Regulatory T-cells are possible effect prediction markers of immunotherapy for cancer patients.

Department of Cancer Therapy and Research, Graduate School of Medical Sciences, Kyushu University, Fukuoka, Japan.
Anticancer research (Impact Factor: 1.83). 01/2008; 28(4C):2401-8.
Source: PubMed

ABSTRACT We previously showed that a combination therapy with tumor cell-pulsed monocyte-derived dendritic cells (DCs) and activated lymphocytes was well tolerated in patients with disseminated carcinomas. Recently, accumulating evidence has indicated that regulatory T-cells (Tregs), a unique population of CD4+ T-cells, are increased in patients with several advanced malignancies and prevent cell-mediated immune responses against tumors. However, reports analyzing the relationship between the Tregs population and the effects of immunotherapy are extremely rare. In the present study, 22 patients received an intravenous injection of DC-activated lymphocytes (DAK) and/or a subcutaneous injection of tumor-pulsed DCs (DC vaccine) every 2 to 4 weeks. The Tregs were defined based on their expression of CD4, CD25 and FOXP3, a transcription factor. Most CD4+CD25high T-cells expressed FOXP3. Therefore, CD4+CD25high T-cells were evaluated as Tregs in the present study. As reported previously, the percentage of Tregs (% Tregs) among total CD4+ T-cells in peripheral blood mononuclear cells (PBMCs) was significantly higher for advanced cancer patients than for healthy volunteers. When the patients were divided into three groups according to their survival time, i.e. 12 short-survival patients, 4 medium-survival patients and 6 long-survival patients, the % Tregs of the long-survival patients before the therapy was significantly lower than that of the short-survival patients (p=0.026). The % Tregs decreased after the therapy, although the difference did not reach statistical significance. When the patients were divided into a high group (>4.99%: 7 patients) and a low group (<4.99%: 15 patients) according to their % Tregs before the therapy, the survival times of the two groups differed significantly (p=0.0034). These data suggest that the % Tregs among the PBMCs might be used as an effect prediction factor of immunotherapy for patients with advanced cancer.

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    ABSTRACT: Colorectal cancer (CRC) is the third-leading cause of cancer deaths in the United States. There is a disparity in CRC cases, with blacks having a higher incidence and mortality than whites. The cause of these disparities is a mixture of socioeconomic, dietary, lifestyle, and biological factors. The role of biology in causing these disparities is largely unknown. Studies have shown that immune cell infiltration into the tumor can be used as prognostic factors in CRC and other cancers. Many of these studies focus on cytotoxic T lymphocytes, but other cells exist that possess antitumorigenic properties. One of these types of cells is natural killer (NK) cells, which are both cytotoxic and capable of secreting IFN-γ. The goal of this study is to elucidate the role of the immune response—specifically, NK cells—in the prognostic disparities observed in colon cancer based on race, gender, and infiltration of CD8+ T lymphocytes. Formalin-fixed paraffin-embedded archival colon cancer tissue slides were obtained from the North Carolina Colon Cancer Study (NCCCS), a population-based cohort (45% black, 55% white). Immunohistochemistry (IHC) was used to detect the presence of CD57+ cells, and the mean numbers of intraepithelial and intratumoral cells were quantified by two independent observers from three high-powered fields (HPF; 100x total magnification). Tumors from 126 different patients in the NCCCS, culled from the top and bottom quartiles for CD8+ cell infiltration and chosen to as equally represent blacks/whites and males/females as possible, were analyzed by IHC. The Mann-Whitney U test was employed for statistical analysis. No significant difference was found between blacks and whites using both intraepithelial and intratumoral CD57+ cell counts, but a significant difference was observed between males and females using intratumoral CD57+ cell counts (p<0.05). Additionally, a highly significant difference in CD57+ cell infiltration was found between high- and low-CD8+ cell infiltrating patients (both p<0.001). These data indicate some degree of immune coordination between CD8+ and CD57+ cells. The basis of this immune coordination depends on the identity of the CD57+ cells, but may include cytotoxic T lymphocytes and/or NK cells (either in a cytotoxic capacity or by secretion of IFN-γ). Further investigation into the identity and function of the CD57+ cell infiltrate are needed. Additionally, our data suggest—but do not completely rule out the possibility—that NK cells are not involved in the observed racial disparities in colon cancer. Furthermore, the data do not eliminate the possibility that other immunological factors are involved in contributing to the racial disparity.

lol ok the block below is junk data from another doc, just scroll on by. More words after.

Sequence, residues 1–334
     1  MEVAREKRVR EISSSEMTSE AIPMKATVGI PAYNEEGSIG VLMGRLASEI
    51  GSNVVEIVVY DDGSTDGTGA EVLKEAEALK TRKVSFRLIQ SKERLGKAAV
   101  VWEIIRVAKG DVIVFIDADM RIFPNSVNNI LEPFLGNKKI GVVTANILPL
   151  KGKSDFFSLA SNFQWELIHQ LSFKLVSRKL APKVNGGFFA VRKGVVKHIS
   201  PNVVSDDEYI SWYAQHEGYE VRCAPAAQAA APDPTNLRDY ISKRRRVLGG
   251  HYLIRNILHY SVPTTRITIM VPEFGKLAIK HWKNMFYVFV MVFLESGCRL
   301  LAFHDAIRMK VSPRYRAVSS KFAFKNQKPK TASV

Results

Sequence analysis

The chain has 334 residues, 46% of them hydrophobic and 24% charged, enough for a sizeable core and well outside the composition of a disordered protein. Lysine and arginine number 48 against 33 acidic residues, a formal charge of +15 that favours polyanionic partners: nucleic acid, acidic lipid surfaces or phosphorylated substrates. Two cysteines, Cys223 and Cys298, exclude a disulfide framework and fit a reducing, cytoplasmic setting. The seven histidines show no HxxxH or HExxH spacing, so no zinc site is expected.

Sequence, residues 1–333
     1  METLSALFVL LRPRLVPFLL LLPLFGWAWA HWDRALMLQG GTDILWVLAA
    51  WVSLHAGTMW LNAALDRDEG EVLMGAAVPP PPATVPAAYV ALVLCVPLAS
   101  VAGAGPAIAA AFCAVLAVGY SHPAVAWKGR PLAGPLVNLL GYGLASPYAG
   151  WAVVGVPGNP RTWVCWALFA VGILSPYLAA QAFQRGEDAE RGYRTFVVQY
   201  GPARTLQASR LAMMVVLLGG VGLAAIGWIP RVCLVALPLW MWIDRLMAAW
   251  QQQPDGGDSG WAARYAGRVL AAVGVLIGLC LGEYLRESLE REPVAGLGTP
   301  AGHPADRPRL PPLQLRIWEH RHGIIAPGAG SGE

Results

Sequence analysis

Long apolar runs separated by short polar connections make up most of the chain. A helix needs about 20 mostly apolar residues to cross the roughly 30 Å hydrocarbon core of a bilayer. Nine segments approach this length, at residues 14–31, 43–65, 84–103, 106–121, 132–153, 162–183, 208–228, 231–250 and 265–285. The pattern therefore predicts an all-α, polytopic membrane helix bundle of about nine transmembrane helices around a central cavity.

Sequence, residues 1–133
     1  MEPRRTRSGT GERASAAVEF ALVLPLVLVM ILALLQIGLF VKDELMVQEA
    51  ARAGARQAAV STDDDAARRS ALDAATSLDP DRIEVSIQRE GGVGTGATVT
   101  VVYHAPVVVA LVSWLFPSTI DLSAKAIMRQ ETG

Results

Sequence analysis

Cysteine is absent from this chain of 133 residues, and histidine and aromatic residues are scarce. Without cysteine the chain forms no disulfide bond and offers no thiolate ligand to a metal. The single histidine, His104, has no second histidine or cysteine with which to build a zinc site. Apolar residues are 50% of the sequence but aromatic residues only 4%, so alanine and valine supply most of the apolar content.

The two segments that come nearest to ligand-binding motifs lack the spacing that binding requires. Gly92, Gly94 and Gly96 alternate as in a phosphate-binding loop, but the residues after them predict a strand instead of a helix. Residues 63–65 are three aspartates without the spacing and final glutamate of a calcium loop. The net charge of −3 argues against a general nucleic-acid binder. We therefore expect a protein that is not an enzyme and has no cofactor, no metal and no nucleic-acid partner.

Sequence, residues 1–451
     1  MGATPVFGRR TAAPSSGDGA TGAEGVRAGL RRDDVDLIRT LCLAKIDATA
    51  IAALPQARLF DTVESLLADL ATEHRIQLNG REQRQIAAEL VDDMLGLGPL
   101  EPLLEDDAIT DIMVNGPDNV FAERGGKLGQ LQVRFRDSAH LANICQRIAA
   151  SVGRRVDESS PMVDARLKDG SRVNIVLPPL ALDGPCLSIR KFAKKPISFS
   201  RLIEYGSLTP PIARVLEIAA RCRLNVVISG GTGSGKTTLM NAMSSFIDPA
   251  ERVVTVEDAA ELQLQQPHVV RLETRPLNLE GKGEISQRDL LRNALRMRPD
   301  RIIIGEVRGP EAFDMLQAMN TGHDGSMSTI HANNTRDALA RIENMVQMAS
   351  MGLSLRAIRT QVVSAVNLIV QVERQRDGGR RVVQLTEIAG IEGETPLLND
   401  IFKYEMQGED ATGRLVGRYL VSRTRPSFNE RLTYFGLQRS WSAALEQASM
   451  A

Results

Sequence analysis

12/2011, Degree: M.S. Cell and Molecular Biology, Supervisor: Kathleen L. McGuire
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